If there was one session that demonstrated the intense interest in Docker and containers in general at last month’s OSCON in Portland, it had to be Bridget Kromhout’s Docker in Production: Reality, Not Hype. The session was standing room only, and latecomers were being pushed out the door. It was so popular that the OSCON organizers asked Bridget to repeat her session the next day.
No wonder. Docker is hot, hot, hot, and Bridget brings deep experience with DevOps and containerization: She is an operations engineer, blogger, presenter, co-organizer of Minneapolis DevOps Days, and co-host of the Arrested DevOps podcast.
Bridget’s company, DramaFever, has been running Docker in production since October 2013, back when the Docker website clearly warned: “Don’t use this in production!” DramaFever streams videos, having begun with Korean soap operas, and now offers additional video services including docclub.com and shudder.com. It has 15,000 episodes from 70 content providers and reaches 20 million viewers. At peak load, the company handles tens of thousands of requests per second from a variety of different endpoints; viewers often switch devices in the middle of a program.
To make sure its infrastructure could support all that and provide a good user experience, DramaFever broke up its single, monolithic Python app into microservices. The team runs services in Amazon Web Services, uses Python for the main DramaFever website, and Go for microservices. DramaFever relies on Docker to provide a consistent development environment and repeatable deployment.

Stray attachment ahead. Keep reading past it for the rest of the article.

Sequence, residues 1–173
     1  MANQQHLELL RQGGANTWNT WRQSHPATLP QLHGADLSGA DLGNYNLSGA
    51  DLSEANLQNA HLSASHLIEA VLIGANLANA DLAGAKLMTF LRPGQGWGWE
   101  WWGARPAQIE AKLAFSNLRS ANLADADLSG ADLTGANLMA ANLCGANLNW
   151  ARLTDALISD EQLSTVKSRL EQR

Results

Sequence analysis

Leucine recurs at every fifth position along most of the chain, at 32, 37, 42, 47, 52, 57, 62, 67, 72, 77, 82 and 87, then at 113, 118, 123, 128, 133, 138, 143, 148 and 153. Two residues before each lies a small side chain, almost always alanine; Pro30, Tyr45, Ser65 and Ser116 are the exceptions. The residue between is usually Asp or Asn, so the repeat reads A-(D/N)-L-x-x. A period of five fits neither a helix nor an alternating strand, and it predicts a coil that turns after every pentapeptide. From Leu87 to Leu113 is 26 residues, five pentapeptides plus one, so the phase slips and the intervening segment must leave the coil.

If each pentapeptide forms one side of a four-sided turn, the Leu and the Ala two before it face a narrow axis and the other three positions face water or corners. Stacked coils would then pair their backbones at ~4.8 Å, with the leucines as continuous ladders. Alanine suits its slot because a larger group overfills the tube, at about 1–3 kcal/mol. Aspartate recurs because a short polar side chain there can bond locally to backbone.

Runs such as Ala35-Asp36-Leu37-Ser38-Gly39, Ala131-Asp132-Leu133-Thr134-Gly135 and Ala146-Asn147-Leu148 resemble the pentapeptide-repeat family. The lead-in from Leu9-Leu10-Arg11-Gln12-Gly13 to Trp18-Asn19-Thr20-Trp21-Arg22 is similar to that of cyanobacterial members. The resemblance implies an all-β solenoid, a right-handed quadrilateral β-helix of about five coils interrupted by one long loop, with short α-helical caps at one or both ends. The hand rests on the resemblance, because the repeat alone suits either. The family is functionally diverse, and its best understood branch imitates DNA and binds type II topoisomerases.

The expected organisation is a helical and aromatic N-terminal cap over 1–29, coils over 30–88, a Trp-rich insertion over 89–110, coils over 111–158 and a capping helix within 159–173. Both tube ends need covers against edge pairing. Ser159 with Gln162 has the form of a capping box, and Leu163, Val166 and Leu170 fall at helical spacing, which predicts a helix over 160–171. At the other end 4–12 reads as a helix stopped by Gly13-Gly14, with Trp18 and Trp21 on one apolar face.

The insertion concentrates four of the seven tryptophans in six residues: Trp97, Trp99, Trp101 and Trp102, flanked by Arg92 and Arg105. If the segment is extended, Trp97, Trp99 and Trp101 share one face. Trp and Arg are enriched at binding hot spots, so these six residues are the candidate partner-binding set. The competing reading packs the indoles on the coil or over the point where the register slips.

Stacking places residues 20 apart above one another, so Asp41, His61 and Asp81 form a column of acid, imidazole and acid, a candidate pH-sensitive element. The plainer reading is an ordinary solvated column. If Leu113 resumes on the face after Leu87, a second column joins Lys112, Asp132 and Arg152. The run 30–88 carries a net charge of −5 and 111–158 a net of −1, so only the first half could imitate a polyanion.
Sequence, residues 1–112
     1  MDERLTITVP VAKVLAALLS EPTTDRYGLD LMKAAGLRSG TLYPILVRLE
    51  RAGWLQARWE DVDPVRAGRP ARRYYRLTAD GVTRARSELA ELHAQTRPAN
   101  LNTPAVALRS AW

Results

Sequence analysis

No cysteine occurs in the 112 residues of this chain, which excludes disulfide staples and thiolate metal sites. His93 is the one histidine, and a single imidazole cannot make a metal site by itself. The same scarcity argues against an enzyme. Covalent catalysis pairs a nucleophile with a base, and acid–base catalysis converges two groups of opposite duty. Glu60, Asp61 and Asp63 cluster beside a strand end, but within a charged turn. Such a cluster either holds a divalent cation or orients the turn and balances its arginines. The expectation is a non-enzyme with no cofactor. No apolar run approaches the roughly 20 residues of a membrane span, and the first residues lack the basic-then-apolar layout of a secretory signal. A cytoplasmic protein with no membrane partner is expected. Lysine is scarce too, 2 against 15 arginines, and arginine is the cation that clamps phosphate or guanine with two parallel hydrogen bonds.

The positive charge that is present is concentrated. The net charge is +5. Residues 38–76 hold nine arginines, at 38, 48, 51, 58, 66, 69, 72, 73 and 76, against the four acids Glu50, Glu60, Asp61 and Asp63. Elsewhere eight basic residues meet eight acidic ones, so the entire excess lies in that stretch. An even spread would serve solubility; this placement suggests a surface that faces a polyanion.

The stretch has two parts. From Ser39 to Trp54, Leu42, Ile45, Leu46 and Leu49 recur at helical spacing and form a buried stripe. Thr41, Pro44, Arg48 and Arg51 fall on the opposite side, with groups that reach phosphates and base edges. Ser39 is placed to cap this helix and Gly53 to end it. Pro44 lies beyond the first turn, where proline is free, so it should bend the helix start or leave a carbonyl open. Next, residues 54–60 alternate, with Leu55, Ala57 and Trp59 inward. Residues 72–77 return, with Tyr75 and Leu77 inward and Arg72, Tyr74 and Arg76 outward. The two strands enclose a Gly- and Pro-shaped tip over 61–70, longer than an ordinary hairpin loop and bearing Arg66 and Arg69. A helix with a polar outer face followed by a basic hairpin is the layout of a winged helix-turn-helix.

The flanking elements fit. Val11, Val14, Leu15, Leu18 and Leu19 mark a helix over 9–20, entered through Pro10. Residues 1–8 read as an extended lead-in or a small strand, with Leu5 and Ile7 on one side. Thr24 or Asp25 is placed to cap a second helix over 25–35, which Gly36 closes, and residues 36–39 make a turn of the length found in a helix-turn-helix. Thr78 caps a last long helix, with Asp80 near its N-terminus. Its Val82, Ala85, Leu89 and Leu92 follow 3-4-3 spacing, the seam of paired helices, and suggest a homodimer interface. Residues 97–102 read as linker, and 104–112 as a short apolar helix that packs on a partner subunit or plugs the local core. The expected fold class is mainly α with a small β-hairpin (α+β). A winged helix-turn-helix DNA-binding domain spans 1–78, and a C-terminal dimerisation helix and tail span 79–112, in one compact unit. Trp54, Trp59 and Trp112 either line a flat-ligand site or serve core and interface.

Along the way, Bridget and her team learned a number of lessons about using Docker in production. Here are five key ones that she shared in her OSCON session:
1. Beware registry overload
Docker didn’t have a private registry when DramaFever started its container adventure, but they wouldn’t have been comfortable with the registry being on Docker as a “not-controlled-by-us” single-point-of-failure anyway. So DramaFever relied on a single registry server on its Jenkins instance—but when more than 20 or so instances came up, the registry would fail. Now, DramaFever runs a private registry container backed by AWS S3 storage on every Amazon Elastic Compute Cloud (EC2) instance (and laptop!) that’s going to use Docker. This solution doesn’t require many resources, and helps deal with the scaling problem.
2. Build your base
To make sure the base Docker image is up-to-date, DramaFever’s ops team runs weekly “base builds.” These builds include infrequently changing dependencies, such as Ubuntu packages and Python requirements files, and so on. Other builds start from these base images, and therefore run faster.
3. Prevent drunk pushing
No humans have the credentials to issue the “docker push” command to production. These command come only from the Jenkins server. This rule prevents anyone from doing an ill-advised push at an hour when no one else is around.
4. Clean up!
Containers and images can consume a lot of disk space. If the root of your Docker source repository fills up, “very, very bad things can happen, including bizarre disk corruption,” Bridget explained. She advised running a daily script to remove stopped containers and images tagged “none.”
5. Watch your time
S3 really cares about your system clock. Unfortunately, boot2docker—an application that lets you run Docker on Windows and MacOS—will stop if your laptop goes to sleep, which skews the clock in the virtual machine. Any requests to the AWS API will result in a RequestTimeTooSkewed error. To deal with this problem, all the DramaFever utilities sourced by all the wrapper scripts include this line of code:
boot2docker ssh sudo date --set \"$(env TZ=UTC date '+%F %H:%M:%S')\"
This is a known problem, and boot2docker is working on a fix.
The most important takeaway, though, is that while Docker may be great, it’s not magic. Containers offer some really cool and compelling advantages, but like any new technology, Docker requires due diligence to make sure it will work and meet your needs in your specific environment.